Three Stages of Pranayama
Pranayama is based on the three stages of respiration: Pooraka (inhalation), Kumbhaka (retention) and Rechaka (exhalation). By permuting and controlling these three, different Pranayamas are obtained. Kumbhaka is a very important part of Pranayama, especially for those who suffer from nervous break downs, poor memory and incorrect breathing habits like inhaling in short, quicker shallow breaths. When we do not breathe correctly, the brain is not supplied with sufficient oxygen and therefore breathlessness is experienced.
During Pranayama the bodily secretions are arrested and controlled. Therefore, the right time to practice Pranayama is in the morning on an empty stomach. It should not be practiced on a full stomach, not even after tea.
Pranayama is for all people regardless of age, physical or mental condition. Anyone can learn and practice it. However, Pranayama should be taught by a teacher, individually and not collectively. Each person has his own physical and mental constitution. Therefore the teacher has to study his student’s particular makeup and according to that the breath of life and its ratio has to be adjusted.
Pranayama and Relaxation
For some people relaxation means an easy chair, a cup of tea or coffee and television viewing. In Yoga, relaxation means freeing the whole system from tension not only the physical body but also the conscious and subconscious mind. Sometimes when the physical body is resting the mind is not. Sometimes the conscious mind is relaxing but the subconscious mind is not. If you take tranquilizers your conscious mind and body may be relaxed, but deep rooted worrying still goes on. Pranayama can be utilized very effectively to bring about total relaxation and emotional integration, because in this system we maintain perpetual awareness while bringing the mind down to deeper levels of the subconscious.
Abdominal breathing is a good technique for relaxation. This can also be done while lying down. Take a deeper breath than usual and during inhalation feel the movement of the abdomen. Forget your nose. Feel that you are breathing in through the abdomen. Feel the abdomen expanding and contracting with each inhalation and exhalation. Count each breath with total awareness from 100 back to 1 (don’t count from 1 to 100). If you make a mistake or lose count, start again from 100. Practice like this- 99 yes, 98 I know, 97 I am aware, 96 I am still counting. It is important to register each number in your conscious awareness. Relaxation techniques stress total awareness of all mental functions, and in this particular practice awareness of the counting is very important. Awareness of the mind enables you to relax, but when you lose this awareness there is tension. So count from 100 back to 1 without losing awareness, without making any mistakes. At the same time feel that the diaphragm is breathing, moving up and down with each inhalation and exhalation.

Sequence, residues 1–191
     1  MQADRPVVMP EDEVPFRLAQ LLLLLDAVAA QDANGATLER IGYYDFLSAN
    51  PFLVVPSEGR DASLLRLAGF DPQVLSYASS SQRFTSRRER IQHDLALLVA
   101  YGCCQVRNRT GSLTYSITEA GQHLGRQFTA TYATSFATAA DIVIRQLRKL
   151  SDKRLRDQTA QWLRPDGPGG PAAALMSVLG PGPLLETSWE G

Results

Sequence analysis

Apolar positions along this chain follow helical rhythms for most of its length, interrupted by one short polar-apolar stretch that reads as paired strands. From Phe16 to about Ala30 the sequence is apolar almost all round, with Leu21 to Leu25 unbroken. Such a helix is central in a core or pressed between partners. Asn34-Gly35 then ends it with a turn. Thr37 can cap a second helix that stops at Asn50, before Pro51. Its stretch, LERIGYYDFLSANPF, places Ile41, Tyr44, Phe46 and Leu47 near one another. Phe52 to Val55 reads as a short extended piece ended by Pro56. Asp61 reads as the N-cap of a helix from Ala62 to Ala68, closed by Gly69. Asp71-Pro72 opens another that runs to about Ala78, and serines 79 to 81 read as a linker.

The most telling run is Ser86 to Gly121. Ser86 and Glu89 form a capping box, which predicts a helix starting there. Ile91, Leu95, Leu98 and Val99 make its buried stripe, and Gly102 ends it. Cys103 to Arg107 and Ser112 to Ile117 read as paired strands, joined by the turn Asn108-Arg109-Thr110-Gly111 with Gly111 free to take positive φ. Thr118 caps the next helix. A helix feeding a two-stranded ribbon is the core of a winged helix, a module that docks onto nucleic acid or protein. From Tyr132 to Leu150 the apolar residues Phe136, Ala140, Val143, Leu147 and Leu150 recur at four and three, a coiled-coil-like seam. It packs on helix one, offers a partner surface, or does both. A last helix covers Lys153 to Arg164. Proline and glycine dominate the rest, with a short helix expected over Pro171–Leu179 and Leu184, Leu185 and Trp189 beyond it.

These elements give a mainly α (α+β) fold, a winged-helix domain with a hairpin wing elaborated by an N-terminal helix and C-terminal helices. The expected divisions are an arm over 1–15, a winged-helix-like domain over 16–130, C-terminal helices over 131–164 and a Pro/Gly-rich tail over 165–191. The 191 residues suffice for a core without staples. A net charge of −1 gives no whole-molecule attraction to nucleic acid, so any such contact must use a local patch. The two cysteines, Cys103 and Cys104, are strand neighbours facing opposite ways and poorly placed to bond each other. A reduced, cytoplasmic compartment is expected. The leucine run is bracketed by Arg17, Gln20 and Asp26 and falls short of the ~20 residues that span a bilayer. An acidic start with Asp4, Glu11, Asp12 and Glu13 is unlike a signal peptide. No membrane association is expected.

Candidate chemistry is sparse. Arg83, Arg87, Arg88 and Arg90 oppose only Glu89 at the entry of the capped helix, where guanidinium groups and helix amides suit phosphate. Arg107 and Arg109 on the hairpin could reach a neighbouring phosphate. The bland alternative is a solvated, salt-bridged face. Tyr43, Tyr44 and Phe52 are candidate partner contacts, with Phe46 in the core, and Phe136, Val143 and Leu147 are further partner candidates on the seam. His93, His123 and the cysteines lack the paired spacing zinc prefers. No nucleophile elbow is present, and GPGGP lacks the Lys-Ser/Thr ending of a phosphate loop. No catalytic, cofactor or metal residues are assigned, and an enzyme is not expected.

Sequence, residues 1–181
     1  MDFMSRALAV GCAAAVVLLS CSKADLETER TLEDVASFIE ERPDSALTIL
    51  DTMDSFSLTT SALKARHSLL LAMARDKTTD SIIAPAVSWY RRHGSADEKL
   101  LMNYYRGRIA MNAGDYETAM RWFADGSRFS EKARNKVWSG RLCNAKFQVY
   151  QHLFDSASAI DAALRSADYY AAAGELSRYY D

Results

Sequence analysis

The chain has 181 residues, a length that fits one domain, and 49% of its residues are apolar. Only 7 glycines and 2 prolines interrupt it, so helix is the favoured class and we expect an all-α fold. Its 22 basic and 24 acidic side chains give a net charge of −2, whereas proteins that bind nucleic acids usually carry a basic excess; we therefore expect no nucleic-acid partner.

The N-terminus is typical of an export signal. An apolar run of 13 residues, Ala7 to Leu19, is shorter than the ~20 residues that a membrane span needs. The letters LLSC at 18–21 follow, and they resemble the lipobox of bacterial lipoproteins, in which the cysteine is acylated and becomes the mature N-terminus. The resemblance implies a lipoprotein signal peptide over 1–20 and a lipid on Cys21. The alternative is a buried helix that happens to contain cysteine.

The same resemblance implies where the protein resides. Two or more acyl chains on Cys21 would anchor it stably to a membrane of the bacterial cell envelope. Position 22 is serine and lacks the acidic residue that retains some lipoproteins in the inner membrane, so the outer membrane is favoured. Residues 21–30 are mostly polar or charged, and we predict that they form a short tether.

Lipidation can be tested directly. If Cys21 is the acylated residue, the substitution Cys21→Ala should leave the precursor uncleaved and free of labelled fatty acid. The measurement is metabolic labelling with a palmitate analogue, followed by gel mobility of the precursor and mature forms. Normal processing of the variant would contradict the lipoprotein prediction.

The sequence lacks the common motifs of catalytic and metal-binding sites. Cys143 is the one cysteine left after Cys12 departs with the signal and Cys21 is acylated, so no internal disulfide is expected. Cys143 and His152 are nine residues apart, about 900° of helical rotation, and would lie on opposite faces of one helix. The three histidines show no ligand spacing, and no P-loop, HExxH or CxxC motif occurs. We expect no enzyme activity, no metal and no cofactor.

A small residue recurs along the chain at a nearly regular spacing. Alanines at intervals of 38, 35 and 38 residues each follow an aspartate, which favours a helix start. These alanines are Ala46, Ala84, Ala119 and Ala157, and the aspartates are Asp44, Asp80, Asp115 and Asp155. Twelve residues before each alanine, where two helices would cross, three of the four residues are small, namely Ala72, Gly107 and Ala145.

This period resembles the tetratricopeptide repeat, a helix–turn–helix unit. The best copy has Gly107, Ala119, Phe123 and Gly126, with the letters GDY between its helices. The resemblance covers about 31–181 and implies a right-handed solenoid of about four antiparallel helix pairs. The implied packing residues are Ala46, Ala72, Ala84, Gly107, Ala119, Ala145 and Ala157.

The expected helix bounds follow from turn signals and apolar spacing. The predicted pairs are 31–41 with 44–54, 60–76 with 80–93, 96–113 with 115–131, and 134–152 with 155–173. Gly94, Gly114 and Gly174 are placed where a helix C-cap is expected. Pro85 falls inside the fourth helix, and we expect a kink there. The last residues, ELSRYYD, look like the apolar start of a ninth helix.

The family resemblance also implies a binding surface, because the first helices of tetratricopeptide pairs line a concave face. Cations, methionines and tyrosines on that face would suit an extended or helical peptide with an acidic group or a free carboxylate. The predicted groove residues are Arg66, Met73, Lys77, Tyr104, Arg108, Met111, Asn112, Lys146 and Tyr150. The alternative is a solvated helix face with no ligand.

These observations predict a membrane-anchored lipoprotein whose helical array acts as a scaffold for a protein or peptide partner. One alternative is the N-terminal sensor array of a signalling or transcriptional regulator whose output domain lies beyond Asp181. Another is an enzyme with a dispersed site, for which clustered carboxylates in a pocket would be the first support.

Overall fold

Next go to the throat. Listen to the sound of the breath and feel that the throat is breathing. Count each round from 100 back to 1. Now move up to the nostrils; keep your concentration between Nasikagra (the tip of the nose) and Bhrumadhya (the eyebrow centre). Don’t go beyond that. Feel that the whole breathing process is taking place between the tip of the nose and the eyebrow centre, and count from 100 back to 1.
We have found that abdominal, throat and nose breathing is very good for all those suffering from hypertension or high blood pressure. However, for people with normal blood pressure this practice is not recommended as it may cause their blood pressure to drop below normal. They can do the following technique.